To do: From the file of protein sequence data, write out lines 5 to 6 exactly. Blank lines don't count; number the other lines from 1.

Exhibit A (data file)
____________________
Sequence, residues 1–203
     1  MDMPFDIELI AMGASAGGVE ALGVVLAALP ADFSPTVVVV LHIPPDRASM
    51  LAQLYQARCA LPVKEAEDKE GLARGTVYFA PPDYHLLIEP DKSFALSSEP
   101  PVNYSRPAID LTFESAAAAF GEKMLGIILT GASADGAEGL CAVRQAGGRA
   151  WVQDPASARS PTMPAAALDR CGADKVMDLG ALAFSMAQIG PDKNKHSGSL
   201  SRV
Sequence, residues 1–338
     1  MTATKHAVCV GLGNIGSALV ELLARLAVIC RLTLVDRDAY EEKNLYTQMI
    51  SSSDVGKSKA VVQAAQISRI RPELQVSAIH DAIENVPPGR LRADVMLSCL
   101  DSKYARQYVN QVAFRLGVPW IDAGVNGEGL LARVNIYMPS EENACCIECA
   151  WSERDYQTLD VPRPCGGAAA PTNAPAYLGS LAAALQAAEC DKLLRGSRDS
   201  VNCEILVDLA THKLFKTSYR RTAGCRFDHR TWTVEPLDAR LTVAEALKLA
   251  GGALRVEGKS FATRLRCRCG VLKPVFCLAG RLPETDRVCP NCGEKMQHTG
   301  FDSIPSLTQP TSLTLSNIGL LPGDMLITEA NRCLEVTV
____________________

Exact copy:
   151  WVQDPASARS PTMPAAALDR CGADKVMDLG ALAFSMAQIG PDKNKHSGSL
   201  SRV